The Aga Khan University Hospital in Nairobi, Kenya, has commissioned a biomass boiler to power its heating system, abandoning diesel as the source of energy for the boiler.
The hospital said the biomass facility will reduce its annual consumption of diesel by 860,000 litres.
The utilisation of briquettes and other waste sources will result in substantial carbon emission reductions, it added, with an estimated saving of more than 2000 tonnes of carbon dioxide equivalent per year.
These emissions, on a monthly basis, are equivalent to driving back and forth between Nairobi and Mombasa over 700 times in an average-sized car, added the hospital.
The new boiler will generate steam for the hospital's water heating, laundry, cooking, and sterilisation services.
Speaking during the commissioning of the project, CEO Rashid Khalani said that, given the effects of climate change: “it is imperative that organisations consider the environmental impact of their operations and address the sources of emissions."
“Primarily hospitals exist to nurture human health. However, we also know that climate change increases the risk of illness. It therefore goes without saying, that healthcare institutions have a responsibility to nurture the wellbeing of the environment," said Khalani.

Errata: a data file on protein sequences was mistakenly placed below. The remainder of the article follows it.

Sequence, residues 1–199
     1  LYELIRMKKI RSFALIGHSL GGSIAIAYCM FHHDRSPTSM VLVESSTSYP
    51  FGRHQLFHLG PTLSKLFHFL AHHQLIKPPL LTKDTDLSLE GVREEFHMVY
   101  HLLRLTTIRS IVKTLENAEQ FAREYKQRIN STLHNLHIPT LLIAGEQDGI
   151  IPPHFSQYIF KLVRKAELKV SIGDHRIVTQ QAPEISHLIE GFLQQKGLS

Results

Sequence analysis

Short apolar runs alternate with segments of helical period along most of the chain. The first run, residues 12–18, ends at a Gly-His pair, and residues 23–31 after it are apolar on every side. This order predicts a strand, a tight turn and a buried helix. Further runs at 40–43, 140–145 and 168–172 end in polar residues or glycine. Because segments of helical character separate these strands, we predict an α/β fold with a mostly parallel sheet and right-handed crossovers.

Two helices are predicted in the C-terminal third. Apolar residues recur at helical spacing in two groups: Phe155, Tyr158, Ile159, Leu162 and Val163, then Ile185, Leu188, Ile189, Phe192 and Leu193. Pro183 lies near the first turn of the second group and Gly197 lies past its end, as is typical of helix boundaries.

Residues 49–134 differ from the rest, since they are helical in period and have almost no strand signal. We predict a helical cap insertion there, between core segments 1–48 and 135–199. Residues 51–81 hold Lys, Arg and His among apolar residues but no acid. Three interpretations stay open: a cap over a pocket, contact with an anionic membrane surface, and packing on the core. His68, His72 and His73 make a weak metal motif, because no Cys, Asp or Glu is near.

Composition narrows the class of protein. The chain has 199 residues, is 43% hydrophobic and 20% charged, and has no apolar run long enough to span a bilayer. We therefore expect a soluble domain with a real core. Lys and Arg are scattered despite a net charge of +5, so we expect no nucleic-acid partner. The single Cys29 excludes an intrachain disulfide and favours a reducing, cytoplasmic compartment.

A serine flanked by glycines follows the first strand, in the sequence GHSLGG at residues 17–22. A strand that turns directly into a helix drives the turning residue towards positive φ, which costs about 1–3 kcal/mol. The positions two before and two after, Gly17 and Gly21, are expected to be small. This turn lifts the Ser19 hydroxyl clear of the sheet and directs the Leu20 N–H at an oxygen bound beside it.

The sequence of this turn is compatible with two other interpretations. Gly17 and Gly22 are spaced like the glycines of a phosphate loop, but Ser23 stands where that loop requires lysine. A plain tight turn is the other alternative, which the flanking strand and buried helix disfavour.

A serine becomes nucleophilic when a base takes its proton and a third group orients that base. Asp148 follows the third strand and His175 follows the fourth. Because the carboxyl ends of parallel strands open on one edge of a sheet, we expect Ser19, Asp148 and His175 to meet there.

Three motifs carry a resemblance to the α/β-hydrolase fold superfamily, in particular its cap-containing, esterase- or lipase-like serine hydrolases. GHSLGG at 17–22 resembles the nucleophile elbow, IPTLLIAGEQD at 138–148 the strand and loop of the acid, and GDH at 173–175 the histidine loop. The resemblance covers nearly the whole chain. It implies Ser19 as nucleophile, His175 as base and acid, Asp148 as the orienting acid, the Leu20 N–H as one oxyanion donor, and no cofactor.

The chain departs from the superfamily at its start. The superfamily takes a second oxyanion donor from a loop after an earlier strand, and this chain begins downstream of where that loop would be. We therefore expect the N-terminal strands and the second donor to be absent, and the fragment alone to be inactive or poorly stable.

As part of the Aga Khan Development Network's unwavering commitment to combat the negative impacts of climate change, organisations within the network have committed to achieve net zero emissions by 2030.
“Aga Khan University (AKU) and its hospitals have lined up several initiatives to meet this goal and this project is among them. As we continue to strive towards excellence in education, research and healthcare, we will also lead by example in reducing our environmental impact," said AKU Vice Chancellor, Dr Sulaiman Shahabuddin.
Last year, the Hospital installed a 100KWp solar-powered plant that offsets grid power at the Doctor's Plaza building. This has reduced an average of 96,000 kgs of carbon emissions yearly.
“All our new energy projects will be 100% renewable. All our new buildings are also constructed in line with green building guidelines that aim to reduce emissions and make savings in energy and water usage," said Dr Shahabuddin, adding that the institution was in the advanced stages of rolling out similar environmentally conscious projects.